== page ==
Her Campus Logo Her Campus Logo

Turning 20: Five Lessons From Two Decades of Life

This article is written by a student writer from the Her Campus at Wisconsin chapter.

Birthdays come with parties and presents, but they also prompt self reflection.

I don’t know what it is about birthdays, but secretly, mine was always a day I dreaded. I was always so fixated on who would remember to wish me a happy birthday and who would forget that I wasn’t able to appreciate the people who cared about me. But this year, things are different. I’m turning 20. I’m no longer a teenager, and I feel as if I’m really entering adulthood. Rather than feeling a sense of panic or disbelief, I’m excited. I’m entering a new phase of my life with a fresh perspective, using what I’ve learned about myself to make the most out of life.

1. Your energy is everything

It can be easy to get beaten down by the day, look at everything negatively and just feel straight up horrible. It’s normal, but what’s important is how you deal with bad situations. For the longest time, when something went wrong in my life, I’d feel my energy plummet and would approach new situations with a negative vibe. This could be something big, like a relationship (“It didn’t work out with this boy, so why would it with this one?”), or something small, like a quiz (“I didn’t really study so I know I’ll do bad”). But, I’ve learned to recognize these patterns and to remind myself that while it’s safe to feel negative emotions, it can be helpful to try a different perspective. 

2. Look at situations with love, rather than fear

On the topic of shifting perspectives, I’ve learned that I should approach situations with love rather than fear. This was something I learned from author Gabrielle Bernstein. Using the relationship example, rather than looking at a failed relationship with the fear of being alone or unloved, you can instead view it as a lesson meant to help you grow and learn about loving yourself and others.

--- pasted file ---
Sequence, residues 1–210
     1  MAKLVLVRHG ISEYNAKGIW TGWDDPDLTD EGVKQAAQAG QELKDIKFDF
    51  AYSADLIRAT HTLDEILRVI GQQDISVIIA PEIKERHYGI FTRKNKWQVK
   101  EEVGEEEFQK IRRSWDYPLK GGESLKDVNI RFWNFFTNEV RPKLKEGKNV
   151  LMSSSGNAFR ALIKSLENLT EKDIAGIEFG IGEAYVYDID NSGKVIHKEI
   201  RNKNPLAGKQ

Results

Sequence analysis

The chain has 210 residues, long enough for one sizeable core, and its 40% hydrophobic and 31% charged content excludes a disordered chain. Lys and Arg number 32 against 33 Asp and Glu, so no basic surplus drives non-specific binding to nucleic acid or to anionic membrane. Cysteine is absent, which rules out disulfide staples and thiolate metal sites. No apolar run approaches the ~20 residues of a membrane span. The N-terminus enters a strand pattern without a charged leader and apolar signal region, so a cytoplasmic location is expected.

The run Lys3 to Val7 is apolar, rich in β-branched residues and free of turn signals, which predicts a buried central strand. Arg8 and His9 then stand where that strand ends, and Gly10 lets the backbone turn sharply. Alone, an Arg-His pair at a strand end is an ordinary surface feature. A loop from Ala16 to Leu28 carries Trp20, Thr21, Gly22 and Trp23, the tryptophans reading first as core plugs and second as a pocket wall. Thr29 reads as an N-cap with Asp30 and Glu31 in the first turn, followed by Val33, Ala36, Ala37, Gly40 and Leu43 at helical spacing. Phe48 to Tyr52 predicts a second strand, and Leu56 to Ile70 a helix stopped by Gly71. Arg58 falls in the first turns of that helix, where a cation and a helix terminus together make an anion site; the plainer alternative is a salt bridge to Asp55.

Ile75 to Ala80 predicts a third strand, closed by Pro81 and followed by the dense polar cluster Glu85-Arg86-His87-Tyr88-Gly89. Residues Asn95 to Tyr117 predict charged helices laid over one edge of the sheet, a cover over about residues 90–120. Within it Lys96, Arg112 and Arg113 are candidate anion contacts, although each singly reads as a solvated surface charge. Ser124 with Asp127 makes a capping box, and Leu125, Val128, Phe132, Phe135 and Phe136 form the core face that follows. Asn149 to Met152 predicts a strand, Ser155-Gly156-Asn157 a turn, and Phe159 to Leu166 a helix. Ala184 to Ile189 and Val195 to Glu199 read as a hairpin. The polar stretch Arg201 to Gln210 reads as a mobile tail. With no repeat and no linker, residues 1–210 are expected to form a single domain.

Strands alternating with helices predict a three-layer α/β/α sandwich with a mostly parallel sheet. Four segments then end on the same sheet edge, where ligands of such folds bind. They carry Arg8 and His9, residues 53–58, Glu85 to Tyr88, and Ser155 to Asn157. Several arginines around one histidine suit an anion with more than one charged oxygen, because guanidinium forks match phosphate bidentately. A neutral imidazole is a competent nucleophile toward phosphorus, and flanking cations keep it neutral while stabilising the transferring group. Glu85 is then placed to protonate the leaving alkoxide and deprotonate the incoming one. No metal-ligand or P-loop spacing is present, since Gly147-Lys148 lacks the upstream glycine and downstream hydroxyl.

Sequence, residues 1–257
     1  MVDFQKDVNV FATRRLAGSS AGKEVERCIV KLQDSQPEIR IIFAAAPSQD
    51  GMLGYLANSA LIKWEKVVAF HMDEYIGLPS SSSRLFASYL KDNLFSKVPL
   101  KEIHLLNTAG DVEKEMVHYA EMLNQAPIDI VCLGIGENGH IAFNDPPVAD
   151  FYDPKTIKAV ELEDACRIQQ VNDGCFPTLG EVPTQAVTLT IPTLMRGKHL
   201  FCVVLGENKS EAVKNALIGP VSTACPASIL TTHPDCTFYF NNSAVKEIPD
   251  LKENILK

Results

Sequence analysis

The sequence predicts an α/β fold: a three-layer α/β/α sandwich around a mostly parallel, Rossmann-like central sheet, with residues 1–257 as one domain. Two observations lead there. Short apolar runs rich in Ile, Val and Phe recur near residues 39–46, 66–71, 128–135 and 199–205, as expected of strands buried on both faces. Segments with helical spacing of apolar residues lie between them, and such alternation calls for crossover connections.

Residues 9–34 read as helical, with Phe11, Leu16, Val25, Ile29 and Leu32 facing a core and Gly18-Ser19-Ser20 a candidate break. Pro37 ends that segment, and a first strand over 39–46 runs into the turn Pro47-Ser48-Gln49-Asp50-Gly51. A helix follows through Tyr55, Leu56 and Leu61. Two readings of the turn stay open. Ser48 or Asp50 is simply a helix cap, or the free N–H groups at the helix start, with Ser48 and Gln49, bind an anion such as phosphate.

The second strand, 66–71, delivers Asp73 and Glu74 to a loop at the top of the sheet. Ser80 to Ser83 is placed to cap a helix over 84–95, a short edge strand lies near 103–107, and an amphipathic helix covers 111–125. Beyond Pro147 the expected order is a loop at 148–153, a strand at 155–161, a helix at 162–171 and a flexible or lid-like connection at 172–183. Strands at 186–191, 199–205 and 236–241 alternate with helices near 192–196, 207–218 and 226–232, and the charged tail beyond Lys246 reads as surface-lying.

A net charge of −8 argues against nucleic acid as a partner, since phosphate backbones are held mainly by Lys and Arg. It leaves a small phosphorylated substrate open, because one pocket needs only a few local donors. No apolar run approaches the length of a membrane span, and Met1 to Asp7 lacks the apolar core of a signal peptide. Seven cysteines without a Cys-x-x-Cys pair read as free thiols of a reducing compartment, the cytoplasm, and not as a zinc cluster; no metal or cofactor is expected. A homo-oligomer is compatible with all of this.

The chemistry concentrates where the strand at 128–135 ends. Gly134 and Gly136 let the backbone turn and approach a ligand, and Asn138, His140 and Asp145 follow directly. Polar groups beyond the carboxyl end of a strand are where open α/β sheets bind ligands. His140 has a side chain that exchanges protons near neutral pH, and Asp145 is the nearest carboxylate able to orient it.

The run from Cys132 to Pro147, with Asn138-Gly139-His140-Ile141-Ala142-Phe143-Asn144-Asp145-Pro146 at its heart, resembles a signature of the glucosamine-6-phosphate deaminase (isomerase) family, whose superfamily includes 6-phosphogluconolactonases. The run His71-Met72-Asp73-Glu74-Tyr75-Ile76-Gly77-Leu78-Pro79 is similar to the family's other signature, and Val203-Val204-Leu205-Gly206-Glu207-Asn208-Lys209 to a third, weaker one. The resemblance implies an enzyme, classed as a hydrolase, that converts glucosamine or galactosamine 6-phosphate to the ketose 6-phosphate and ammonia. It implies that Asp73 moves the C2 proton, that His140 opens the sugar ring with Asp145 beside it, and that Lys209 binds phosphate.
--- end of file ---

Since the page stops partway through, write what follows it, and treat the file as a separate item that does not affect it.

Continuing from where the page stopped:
3. Anger stems from love

When we go through something difficult, anger is often the first way we react, taking out our frustration on ourselves and others. I now understand that anger is a reflection of your subconscious, which understands that you don’t deserve to be mistreated or in pain. In this way, allowing yourself to feel anger is a form of self-love. 

4. Focus on what you do have rather than what you don’t

As humans, we always want what we don’t or can’t have. As a classic example, people with curly hair often want straight hair, and vice versa. We don’t pause to look in the mirror and see that our own hair is actually beautiful and unique. We may look at our bank account and think, “This isn’t enough money,” rather than, “I’m so grateful to be blessed with money, my possessions and a roof over my head.” For lack of a better expression, taking the time to count your blessings will change your perspective on life. 

5. Obstacles are detours in the right direction

This quote is another lesson learned from Gabrielle Bernstein that helped me to completely shift my perspective on difficult moments in my life. Yes, it sucks when something you were excited about doesn’t turn out well, but as a result, a whole new door may open up for you. A personal example was when I went into a job interview thinking I was interviewing for a tour guide position, but instead, it was for an information guide position, which meant I’d be at the Union front desks. At first, I was disappointed, since I’ve always wanted to be a tour guide. But after interviewing and getting the job, I realized that this is the perfect job for me. I’ve met so many great people and have time during my shifts to complete my school work. 

Writing this conclusion after my birthday, I can say that it was one of the best ones I’ve had. I was surrounded by people who truly loved me, and since I wasn’t fixated on who would wish me a happy birthday, I was able to spend the day feeling extremely grateful and loved. I went to bed truly fulfilled, knowing that I view life through a lens of love and compassion, rather than fear and judgment. Of course, I’m not 100% happy all of the time, but I’ve been able to deal with difficult situations in a healthier way. I can’t wait to see where life takes me. 

Maria is currently at UW-Madison Studying Journalism, Strategic Communication, Spanish, and Larin American, Caribbean and Iberian studies with a minor in Sports Communication. She is originally from Brazil, so along with English and Spanish, she is fluent in Portuguese. She has a passion for social media, fitness, yoga, fashion, and travel. For Maria, Her-Campus has been a great outlet to publish articles that she loves and hopes others can enjoy!